On the pier, when Rosemary Sidney forces Hal to dance with her, the flowery white earrings she's been wearing suddenly disappear. In the next shot, when she presses her head against Hal's cheek, Rosemary's earrings just as suddenly reappear, one of which scratches his face. She then apologizes and removes both earrings.
Toward the end of the film when Hal hops a freight train to Tulsa, he jumps onto a boxcar that has its door shut. He climbs the ladder and stands on top to wave to Madge. In this long shot the boxcar door is now open.
When Neewollah Queen Madge goes to return the royal robe, she's still wearing the sash as she stands on the footbridge and watches Hal and Millie dancing. When she joins the group seconds later, in that famous clapping scene, the sash is gone.
It is implied that the train seen when Kim Novak is on the bus to Tulsa is the same one that William Holden boarded. The train he boarded was pulled by a diesel locomotive. The train seen in the same frame with the bus is being pulled by a steam locomotive.
In the beginning when Mr. Benson is leaving the house he is w/ the guys on the lawn and trying to button his jacket, but it swings open. Then when he's alone in the next shot, the jacket is fully buttoned.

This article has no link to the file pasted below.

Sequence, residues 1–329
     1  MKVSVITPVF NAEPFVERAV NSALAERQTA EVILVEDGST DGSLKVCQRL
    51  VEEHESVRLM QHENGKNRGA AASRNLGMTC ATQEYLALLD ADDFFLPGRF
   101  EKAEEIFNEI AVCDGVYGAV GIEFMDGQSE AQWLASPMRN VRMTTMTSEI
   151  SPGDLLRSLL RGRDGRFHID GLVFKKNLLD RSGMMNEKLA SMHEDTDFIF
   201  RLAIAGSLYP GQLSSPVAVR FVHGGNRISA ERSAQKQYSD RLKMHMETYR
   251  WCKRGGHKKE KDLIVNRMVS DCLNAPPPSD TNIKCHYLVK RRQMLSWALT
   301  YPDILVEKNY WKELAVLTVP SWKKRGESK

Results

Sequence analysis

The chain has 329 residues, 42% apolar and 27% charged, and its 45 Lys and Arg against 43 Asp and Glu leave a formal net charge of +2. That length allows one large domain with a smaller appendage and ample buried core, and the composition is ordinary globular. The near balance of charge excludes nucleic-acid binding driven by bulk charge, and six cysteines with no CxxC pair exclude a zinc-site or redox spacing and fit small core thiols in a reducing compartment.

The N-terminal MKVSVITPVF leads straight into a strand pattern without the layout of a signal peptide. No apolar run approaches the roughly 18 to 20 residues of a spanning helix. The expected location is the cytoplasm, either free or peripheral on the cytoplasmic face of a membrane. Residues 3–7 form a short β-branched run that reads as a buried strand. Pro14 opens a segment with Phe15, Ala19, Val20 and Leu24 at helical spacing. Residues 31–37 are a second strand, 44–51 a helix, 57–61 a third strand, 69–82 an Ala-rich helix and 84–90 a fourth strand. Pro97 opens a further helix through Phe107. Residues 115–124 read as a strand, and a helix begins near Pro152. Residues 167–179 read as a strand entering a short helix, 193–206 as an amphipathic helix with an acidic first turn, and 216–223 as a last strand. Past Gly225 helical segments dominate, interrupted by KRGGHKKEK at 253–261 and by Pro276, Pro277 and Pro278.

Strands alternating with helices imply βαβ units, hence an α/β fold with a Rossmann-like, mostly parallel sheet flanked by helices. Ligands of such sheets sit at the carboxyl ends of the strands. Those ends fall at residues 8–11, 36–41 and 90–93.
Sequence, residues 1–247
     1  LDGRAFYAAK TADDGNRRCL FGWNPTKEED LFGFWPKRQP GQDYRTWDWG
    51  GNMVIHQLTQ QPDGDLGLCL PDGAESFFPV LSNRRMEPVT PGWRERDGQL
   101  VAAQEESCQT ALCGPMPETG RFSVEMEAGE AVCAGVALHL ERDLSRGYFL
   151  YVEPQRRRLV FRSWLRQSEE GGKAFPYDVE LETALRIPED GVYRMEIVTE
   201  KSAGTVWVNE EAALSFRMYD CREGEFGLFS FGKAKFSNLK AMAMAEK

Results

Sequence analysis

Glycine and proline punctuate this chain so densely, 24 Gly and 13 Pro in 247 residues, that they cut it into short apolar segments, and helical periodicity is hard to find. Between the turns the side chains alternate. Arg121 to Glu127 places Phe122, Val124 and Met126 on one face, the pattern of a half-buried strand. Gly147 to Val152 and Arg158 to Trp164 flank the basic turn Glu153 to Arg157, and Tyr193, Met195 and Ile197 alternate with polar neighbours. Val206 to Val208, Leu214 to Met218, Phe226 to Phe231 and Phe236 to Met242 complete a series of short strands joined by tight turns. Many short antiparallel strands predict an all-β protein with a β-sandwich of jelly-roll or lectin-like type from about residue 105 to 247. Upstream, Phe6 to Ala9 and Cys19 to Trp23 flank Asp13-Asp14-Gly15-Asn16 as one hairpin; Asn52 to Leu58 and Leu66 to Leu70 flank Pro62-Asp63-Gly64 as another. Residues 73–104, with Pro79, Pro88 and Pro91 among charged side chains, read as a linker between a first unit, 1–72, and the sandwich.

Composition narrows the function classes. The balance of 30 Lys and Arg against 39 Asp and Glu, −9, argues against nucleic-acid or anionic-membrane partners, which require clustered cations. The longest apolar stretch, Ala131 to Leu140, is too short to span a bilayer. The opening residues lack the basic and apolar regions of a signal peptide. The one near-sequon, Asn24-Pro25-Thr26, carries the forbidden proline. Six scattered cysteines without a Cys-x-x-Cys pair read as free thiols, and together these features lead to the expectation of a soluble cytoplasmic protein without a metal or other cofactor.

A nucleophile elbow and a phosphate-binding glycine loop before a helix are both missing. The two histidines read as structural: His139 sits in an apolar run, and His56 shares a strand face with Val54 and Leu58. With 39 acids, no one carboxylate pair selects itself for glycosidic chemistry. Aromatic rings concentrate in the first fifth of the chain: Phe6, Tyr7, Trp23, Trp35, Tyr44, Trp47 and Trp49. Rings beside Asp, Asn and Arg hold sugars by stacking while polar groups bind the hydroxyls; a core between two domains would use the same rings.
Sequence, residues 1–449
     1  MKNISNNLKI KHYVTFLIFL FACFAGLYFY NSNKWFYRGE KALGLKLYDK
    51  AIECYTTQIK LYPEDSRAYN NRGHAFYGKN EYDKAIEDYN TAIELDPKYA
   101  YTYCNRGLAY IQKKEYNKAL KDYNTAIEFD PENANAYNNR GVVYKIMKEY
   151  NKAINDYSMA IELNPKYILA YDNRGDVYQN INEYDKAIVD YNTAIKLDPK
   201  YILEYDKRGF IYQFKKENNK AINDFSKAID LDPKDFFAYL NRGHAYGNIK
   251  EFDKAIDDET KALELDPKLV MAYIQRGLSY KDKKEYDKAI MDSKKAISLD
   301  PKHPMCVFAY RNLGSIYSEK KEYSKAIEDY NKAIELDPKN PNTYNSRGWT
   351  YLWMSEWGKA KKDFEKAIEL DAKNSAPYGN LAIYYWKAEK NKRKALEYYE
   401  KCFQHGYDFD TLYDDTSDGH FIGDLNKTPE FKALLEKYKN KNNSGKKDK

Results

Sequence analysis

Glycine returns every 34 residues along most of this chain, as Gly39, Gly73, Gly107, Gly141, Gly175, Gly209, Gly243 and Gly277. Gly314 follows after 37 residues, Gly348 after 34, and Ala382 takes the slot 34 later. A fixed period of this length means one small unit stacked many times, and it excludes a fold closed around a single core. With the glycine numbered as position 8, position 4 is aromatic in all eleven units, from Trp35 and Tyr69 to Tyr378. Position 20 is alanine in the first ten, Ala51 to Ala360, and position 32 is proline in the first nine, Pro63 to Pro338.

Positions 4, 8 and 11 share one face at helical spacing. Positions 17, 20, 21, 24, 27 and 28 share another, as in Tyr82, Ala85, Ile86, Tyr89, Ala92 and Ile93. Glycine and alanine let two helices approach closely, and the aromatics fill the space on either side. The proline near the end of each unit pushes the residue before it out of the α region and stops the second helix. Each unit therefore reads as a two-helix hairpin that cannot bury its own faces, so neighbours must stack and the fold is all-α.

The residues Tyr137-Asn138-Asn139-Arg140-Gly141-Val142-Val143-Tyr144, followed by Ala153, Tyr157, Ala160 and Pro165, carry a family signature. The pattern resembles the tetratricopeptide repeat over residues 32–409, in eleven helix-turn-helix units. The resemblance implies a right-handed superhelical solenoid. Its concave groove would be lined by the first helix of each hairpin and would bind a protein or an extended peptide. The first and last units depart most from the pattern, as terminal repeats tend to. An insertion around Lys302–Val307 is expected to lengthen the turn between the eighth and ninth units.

Millie is reading Carson McCullers' "The Ballad of the Sad Cafe," a very thick book she carries around during the early scenes of the movie. In reality, that literary work is a very slim novella that is considerably less than 100 pages long
This is not really a goof. At the time of the film (1955) in the fictitious town of Salinson (a mix of the city names of Salina and Hutchinson, both filming locales), both the Salina Journal and the Hutchinson News were afternoon papers, producing a first edition shortly after noon and a home delivery edition after 3 pm. The Salina Journal did not become a morning paper until the 1970s (I was a Journal staffer 1969-1995).